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Khanty woman's shirt
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Why this is a

In the 18th century writings and descriptions, the southern Khanty women were shown to wear a shirt and a khalat. Shirts made of nettle cloth or thin linen were proof of the wearer's skill in embroidery. Geometric patterns, swastikas, rhombi, meanders and stylised plant themes like tulips were sewn with two different methods. First the outlines of the embroidery were sketched with black wool thread and the insides of the patterns were filled with red or dark blue thread. Glass beads were obtained in exchange for precious furs and fish. The embroidered shirts had gone out of fashion by the end of the 19th century. August Ahlqvist managed to see these dresses in use in 1880. This shirt is a typical example of an artefact from a relatively early period. Ahlqvist bought mostly aesthetically beautiful items, costumes and jewellery of the Khanty and Mansi.

History of the Object
This piece of Khanty woman's clothing was acquired by August Engelbrekt Ahlqvist (1826-1889), the professor of Finnish language in the Imperial Alexander University of Helsinki. Ahlqvist visited in Russia the Volga Finnic peoples, the Mari and Mordvins and the neighbouring Tatars and Chuvash and even the Khanty and Mansi in Siberia to collect folklore, linguistic and ethnological material. In Siberia he studied the dialects of the Mansi and the Northern Khanty in 1858. In 1877 he obtained a collection of 70 ethnological items to the Ethnographic Museum of the Imperial Alexander University of Helsinki. A third visit was made in 1880. Ahlqvist was accompanied by Edvard A. Vaino (1853-1929) and Nikolai Sundman (1859-1925) who made botanical and zoological investigations. In the valley of the Konda river, Ahlqvist bought a costume of a Khanty woman including this embroidered shirt, a khalat, two necklaces of glass beads, a belt and skin moccasins completely covered with glass beadwork.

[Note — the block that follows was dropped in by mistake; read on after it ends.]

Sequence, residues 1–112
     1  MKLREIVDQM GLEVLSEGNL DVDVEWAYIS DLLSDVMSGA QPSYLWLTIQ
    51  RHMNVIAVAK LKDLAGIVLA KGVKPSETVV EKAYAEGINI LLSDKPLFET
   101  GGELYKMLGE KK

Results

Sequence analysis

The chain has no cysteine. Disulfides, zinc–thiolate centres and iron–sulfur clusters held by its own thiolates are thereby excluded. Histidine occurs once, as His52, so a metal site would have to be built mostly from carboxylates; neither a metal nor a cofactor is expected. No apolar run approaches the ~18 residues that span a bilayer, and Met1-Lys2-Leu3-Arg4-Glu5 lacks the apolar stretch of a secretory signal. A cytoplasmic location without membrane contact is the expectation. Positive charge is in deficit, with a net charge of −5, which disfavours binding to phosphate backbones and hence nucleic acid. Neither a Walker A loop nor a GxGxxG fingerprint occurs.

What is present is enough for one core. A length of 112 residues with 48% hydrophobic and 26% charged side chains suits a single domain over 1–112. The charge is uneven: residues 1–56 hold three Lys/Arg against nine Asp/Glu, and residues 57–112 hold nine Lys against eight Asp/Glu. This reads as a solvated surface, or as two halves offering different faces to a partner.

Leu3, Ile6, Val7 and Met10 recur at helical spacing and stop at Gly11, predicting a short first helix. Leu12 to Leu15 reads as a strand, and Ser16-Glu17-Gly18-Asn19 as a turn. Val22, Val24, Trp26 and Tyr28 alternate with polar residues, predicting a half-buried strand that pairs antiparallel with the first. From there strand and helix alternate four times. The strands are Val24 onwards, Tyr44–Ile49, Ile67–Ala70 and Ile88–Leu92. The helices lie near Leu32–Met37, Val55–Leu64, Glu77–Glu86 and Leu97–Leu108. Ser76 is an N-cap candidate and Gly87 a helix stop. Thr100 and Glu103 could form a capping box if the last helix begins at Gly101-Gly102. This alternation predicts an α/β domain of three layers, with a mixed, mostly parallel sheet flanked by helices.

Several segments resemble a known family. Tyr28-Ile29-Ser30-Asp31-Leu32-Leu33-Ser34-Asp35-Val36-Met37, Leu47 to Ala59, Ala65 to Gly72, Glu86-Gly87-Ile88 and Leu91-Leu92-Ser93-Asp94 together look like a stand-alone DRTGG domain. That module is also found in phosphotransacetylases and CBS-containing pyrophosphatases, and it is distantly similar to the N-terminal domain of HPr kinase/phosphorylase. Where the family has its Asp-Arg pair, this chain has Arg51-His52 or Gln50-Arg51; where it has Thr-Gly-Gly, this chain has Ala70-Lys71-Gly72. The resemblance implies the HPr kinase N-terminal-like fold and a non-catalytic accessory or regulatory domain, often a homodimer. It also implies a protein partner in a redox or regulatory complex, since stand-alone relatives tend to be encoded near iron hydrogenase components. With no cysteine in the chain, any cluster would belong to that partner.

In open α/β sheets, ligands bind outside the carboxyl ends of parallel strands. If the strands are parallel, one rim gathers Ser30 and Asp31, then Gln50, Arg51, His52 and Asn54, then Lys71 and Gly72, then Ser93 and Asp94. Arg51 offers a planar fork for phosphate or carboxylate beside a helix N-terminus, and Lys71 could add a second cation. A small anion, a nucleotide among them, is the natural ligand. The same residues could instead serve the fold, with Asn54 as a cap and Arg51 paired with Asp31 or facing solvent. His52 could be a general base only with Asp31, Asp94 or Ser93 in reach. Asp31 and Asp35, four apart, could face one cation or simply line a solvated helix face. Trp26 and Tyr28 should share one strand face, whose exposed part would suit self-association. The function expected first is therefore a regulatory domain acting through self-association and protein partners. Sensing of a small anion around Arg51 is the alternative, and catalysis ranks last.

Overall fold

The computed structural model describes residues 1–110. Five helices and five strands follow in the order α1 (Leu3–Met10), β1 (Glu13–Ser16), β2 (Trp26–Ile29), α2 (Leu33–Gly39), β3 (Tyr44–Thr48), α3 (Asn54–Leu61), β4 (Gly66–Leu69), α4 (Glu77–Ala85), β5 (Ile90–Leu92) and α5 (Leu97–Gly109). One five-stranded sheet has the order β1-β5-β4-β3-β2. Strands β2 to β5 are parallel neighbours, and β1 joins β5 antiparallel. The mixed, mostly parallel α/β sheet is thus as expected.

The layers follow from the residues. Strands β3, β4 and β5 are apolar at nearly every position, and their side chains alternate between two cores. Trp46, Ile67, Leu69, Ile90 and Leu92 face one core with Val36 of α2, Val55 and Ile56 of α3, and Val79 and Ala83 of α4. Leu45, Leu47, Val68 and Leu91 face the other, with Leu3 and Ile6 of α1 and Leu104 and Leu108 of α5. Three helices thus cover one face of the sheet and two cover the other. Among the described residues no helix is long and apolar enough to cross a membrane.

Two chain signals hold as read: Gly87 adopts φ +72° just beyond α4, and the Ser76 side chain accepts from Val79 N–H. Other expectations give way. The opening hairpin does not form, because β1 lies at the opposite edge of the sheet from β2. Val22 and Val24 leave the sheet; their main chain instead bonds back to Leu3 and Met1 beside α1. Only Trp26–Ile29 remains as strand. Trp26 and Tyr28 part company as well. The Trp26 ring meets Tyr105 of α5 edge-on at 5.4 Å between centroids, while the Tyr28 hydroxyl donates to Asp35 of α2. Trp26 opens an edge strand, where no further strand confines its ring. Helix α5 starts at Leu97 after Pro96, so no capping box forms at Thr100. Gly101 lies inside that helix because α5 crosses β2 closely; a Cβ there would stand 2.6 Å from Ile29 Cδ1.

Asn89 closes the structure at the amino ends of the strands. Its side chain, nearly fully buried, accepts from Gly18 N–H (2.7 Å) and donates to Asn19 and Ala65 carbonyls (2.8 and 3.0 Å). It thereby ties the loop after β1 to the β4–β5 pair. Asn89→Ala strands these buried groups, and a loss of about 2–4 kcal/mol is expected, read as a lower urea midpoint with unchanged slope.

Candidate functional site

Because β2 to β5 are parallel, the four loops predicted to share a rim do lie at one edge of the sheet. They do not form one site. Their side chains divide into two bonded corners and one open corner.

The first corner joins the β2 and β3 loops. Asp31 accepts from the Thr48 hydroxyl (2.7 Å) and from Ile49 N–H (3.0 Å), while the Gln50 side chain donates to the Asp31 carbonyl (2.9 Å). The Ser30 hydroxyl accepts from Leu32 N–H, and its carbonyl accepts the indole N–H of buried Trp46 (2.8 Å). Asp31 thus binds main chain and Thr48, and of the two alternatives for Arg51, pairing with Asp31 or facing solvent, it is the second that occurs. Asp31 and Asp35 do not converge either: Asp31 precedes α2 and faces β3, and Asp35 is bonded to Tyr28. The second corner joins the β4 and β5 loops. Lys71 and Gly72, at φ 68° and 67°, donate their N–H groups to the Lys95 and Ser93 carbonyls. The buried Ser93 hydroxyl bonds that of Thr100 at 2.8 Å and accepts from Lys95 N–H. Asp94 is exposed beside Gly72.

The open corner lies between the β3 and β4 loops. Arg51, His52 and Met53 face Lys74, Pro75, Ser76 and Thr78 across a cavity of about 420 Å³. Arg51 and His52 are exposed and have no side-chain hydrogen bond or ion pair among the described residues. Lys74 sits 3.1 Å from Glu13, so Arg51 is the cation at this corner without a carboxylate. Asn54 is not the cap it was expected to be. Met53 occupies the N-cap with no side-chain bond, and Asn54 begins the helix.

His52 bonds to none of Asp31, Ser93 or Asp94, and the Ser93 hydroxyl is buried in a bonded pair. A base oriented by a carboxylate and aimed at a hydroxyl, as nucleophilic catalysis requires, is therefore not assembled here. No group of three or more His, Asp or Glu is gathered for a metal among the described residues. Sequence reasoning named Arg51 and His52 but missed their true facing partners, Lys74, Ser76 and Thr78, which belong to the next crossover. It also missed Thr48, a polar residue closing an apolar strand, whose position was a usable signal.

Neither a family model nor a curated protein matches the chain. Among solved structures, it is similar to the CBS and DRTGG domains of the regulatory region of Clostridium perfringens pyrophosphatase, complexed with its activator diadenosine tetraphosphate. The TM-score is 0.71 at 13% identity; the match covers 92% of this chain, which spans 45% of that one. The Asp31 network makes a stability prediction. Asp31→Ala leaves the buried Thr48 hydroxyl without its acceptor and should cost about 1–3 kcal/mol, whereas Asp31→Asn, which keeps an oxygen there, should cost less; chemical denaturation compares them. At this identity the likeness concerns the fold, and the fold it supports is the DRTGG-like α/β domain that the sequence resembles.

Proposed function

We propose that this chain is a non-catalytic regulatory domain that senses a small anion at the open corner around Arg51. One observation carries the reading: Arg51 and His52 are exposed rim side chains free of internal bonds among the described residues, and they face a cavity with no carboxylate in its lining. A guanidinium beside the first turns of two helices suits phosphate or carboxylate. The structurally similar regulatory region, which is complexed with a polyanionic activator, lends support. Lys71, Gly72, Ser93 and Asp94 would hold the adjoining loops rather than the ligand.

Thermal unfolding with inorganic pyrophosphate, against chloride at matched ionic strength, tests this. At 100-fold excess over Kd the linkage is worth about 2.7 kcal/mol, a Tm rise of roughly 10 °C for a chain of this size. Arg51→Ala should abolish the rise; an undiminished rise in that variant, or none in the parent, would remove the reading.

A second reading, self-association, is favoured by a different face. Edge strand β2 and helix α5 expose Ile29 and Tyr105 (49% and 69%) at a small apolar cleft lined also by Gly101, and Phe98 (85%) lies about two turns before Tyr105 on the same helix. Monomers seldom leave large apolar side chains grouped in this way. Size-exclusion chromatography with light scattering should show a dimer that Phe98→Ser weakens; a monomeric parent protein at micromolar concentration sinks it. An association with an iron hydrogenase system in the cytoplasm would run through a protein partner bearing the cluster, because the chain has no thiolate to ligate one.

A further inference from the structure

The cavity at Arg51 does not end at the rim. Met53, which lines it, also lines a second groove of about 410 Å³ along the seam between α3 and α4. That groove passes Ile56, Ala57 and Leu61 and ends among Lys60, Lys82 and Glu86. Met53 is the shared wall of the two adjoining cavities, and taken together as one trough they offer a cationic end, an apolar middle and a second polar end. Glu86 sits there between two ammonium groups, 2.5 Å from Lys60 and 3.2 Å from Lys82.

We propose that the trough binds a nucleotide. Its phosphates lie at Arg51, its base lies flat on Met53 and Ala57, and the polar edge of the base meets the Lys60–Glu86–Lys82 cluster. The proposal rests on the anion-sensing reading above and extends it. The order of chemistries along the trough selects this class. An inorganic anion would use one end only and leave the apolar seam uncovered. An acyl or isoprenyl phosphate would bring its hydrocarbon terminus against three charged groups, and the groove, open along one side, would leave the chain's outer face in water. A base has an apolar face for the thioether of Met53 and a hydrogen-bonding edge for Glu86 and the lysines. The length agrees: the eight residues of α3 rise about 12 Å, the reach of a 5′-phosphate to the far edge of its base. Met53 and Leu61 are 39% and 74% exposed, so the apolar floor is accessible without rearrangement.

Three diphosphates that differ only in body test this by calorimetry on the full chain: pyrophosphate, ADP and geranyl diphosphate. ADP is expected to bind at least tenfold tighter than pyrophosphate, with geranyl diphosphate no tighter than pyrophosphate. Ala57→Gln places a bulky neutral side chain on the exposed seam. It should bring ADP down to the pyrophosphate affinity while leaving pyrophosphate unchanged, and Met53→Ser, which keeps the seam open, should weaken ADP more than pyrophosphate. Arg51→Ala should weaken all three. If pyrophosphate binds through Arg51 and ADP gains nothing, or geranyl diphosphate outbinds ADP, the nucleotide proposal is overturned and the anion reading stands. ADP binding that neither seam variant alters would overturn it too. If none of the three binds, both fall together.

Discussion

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Costume and Jewelry 
Linen cloth; embroidery thread wool; glass beads; brass buttons 
Width 90 cm Length 111 cm  
Creator name
Creator date
Where it was made
Russia; Siberia, Konda river, the village of Kondinsk 
Russia; Siberia 
Time period
AD 19th century ~ AD 19th century 
Creation date
19th Century; Before 1877 
Summer clothing of a Khanty (Ostyak) woman 
Acquired by the Ethnographic Museum of the Imperial Alexander University of Helsinki in 1880 
Text by Ildikó Lehtinen Drawing by G. W. Nummelin after a photography by Emil Boehm 1877 Photos Markku Haverinen 2001 Aalto, Pentti. Oriental Studies in Finland 1828-1918. Societas Scientiarum Fennica 10b. Helsinki 1971. Ahlqvist, Aug. Unter Wogulen und Ostjaken. Reisebriefe und ethnographische Mittheilungen. Acta Societatis Scientiarum Fennicae XIV. Helsingfors 1883. Vahter, Tyyni. Obinugrilaisten kansojen koristekuosit. Ornamentik der Ob-Ugrier. Travaux ethnographiques de la Société Finno-Ougrienne IX. Helsinki 1953. Lehtinen, Ildikó. Obinugrilaiset Aug. Ahlqvistin silmin. Snellman-instituutin B-sarja 21. Kuopio 1989. Lehtinen Ildikó. Costumes of the Siberian peoples - practically and luxury. Siberia. Life of the Taiga and Tundrs. edited by Ildikó Lehtinen. National Board of Antiquities. Helsinki 2002. 
State property, National Board of Antiquities, Finland 
Museum of Cultures, National Museum of Finland 
Credit line



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